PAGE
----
Future Festival Promotion Goes Digital, Gives Fans Cash & Prizes
Ever wanted a taste of what it would be like to earn the big bucks of being a music festival promoter, without the risk of having to put your parents’ house up for auction (*cough* Blueprint disaster *cough*). Organisers behind Future Entertainment, the folks putting on the Chemical Brothers-headlined Summadayze for 2013 as well as their own Future Music Festival, are offering just such a chance.
Following on from forming a new record label imprint with EMI, a press release from Future Entertainment reveals an innovative new ticketing scheme, which helps promote their festiva as well as offering rewards for fans, with a new ‘peer-to-peer’ ticketing system that makes fans individual promoters for events and selling tickets to their friends at a discounted price while pocketing a small commission for themselves through an online platform.
Think FlyBuys if it was all to do with music events…
Future Entertainment Director Brett Robinson writes in a press release today that, “loyalty should be rewarded. Our festivals wouldn’t be possible without the positive support of our fans so it’s fantastic to be able to give something back to them,” in the form of the new scheme called Future Fans.
“Whilst we always strive to keep our ticket prices fair, we understand that not everyone can afford to attend all of the music events that they would like to. Future Fans not only empowers those who want to support their favourite bands and music, but also creates an alternative avenue through which to acquire our tickets,” says Robinson.
Essentially the word-of-mouth promotion is run through the Future Fans website, where users sign up then connect to their social media account(s) to share out events and festivals, the more their ‘message’ is spread – when somebody purchases tickets, music or merchandise via the advertised links – the user who posted them can earn a small share of the advertising dollar as well as reward points.
The rewards currency can be redeemed for “an impressive list of items ranging from CD’s and FREE tickets all the way up to holidays or even a car!” boasts the website.
Adding that, “fans can increase their Future Fans reward points ranking and also earn money-can’t-buy experiences like hanging backstage with the artists!”
Meanwhile, Brett Robinson told The Music that while previous attempts at a similar peer-to-peer rewards program had been launched in Australia, their success dwindled because they were based on third party interactivity. Of their own Future Fans platform, Robinson says “We’re the promoter here, so you’re dealing directly with us.”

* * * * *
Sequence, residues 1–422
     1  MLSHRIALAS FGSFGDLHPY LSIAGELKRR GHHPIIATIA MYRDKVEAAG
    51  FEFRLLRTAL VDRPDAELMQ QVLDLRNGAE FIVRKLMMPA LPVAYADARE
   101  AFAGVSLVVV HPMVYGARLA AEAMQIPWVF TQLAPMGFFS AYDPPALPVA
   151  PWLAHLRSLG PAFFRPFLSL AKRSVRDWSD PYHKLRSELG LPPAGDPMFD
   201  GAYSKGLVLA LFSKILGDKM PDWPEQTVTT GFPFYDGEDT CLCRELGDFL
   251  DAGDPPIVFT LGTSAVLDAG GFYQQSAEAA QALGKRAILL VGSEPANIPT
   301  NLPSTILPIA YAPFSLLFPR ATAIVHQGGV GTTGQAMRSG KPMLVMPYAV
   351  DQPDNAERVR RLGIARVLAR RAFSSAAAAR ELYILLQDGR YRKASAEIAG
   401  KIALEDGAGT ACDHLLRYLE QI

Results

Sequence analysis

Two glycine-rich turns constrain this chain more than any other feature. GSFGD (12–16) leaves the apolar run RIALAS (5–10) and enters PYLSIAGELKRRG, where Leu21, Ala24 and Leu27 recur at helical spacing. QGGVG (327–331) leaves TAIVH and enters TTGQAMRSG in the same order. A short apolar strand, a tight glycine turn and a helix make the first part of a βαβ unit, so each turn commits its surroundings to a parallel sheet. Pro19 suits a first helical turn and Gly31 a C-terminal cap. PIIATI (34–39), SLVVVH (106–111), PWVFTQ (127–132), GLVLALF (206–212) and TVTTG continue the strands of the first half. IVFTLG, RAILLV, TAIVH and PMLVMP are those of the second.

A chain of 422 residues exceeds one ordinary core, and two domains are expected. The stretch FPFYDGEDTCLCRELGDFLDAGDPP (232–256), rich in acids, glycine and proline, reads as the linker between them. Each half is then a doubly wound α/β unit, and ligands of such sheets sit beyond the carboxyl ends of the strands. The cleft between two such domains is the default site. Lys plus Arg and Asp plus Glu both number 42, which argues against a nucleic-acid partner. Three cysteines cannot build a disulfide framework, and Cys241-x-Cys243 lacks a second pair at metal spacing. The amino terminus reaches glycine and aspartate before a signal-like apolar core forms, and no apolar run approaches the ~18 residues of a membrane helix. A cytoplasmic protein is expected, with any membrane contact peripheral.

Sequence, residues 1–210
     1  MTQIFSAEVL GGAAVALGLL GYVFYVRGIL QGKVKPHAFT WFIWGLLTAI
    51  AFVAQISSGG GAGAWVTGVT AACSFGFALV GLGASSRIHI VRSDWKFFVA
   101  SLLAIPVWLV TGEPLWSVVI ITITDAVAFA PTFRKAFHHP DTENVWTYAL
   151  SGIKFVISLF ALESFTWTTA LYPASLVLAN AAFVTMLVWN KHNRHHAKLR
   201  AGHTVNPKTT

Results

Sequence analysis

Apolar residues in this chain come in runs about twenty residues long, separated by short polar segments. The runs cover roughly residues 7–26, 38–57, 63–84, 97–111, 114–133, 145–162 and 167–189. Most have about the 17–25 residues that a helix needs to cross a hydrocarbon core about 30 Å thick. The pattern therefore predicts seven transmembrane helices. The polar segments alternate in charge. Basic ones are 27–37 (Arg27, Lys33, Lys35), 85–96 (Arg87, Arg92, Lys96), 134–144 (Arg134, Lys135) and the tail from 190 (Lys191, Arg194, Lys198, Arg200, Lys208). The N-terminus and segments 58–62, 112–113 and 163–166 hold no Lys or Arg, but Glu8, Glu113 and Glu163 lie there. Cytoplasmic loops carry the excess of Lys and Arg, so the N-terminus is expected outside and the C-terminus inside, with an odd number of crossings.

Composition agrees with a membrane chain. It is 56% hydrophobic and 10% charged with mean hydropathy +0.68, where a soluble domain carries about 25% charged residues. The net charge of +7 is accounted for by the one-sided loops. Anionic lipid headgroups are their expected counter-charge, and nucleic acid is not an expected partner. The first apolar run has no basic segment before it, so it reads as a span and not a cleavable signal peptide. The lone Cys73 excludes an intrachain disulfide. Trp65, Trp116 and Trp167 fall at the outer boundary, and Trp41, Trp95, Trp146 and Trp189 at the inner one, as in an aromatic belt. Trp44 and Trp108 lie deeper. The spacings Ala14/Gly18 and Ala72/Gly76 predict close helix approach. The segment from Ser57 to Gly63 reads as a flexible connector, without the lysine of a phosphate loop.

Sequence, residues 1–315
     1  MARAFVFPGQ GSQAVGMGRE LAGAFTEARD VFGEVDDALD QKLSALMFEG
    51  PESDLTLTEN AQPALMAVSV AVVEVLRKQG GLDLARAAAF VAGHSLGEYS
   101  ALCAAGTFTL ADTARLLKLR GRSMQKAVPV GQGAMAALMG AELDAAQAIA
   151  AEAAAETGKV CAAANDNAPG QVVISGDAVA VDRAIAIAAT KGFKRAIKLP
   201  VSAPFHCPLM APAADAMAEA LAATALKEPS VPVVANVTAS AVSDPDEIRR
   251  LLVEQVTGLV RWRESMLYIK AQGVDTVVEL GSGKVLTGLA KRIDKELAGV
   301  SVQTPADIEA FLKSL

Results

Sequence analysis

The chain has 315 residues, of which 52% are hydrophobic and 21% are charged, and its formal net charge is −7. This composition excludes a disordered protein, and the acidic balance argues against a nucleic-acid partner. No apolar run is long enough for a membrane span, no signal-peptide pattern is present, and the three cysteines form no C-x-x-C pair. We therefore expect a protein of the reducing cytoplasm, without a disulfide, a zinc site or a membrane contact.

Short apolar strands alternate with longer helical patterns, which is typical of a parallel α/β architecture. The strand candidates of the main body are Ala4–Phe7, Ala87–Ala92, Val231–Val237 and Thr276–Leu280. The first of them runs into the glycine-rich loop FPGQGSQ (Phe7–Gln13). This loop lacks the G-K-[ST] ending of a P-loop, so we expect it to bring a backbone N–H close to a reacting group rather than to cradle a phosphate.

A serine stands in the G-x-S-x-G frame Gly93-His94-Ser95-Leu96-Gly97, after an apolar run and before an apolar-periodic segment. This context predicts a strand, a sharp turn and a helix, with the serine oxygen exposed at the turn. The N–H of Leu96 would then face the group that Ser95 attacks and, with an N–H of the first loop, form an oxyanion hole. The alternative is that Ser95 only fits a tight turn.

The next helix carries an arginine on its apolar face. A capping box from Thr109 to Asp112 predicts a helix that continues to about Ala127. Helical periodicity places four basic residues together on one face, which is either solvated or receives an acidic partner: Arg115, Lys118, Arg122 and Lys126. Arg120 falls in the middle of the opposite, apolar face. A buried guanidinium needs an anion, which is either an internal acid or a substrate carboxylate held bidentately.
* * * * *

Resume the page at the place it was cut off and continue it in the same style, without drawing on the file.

“At the top end of the scale… if you’re really confident, you could sell tickets to the festival online through social media… Anything that gets people involved in the festival is a pretty good initiative I think,” said Robinson – suspecting that if the format proves successful, it won’t be long before we see other major festivals cottoning onto the format.
In related news, Future’s Summadayze lineup was announced last week, with the likes of neo-soul maverick Kimbra, the post-Pendulum (R.I.P.) Knife Party and M.I.A.’s tamal tunage all bringing their wares to the summer music festival, topped by a DJ set from Chemical Brothers (that won’t include Chemical Brothers material? baffling).
Meanwhile, the lineup for Future Music Festival is expected to be announced in the “coming weeks,” teased Robinson, “we’re just putting the finishing touches on the lineup.”
Given their recently forged alliance with EMI, it would be wise to start looking at the record label’s roster for who might be potential candidates for the 2013 Future Music lineup. If we were the gambling sort, we’d put our money on that juicy industry rumour about The Stone Roses…
The pressure of being a rock star can get to many of them, and rock stars all deal with it in different ways. Some hit the bottle, some hit the rack and the whacky baccy, some hit the needle. Others just freak out momentarily, while sadly some choose to check out of the rock n’ roll hotel permanently in the worst way possible. Others, however, deal with it then and there on stage and in front of an audience. Join us as we count down some of our favourite on stage meltdowns. Watch this slideshow »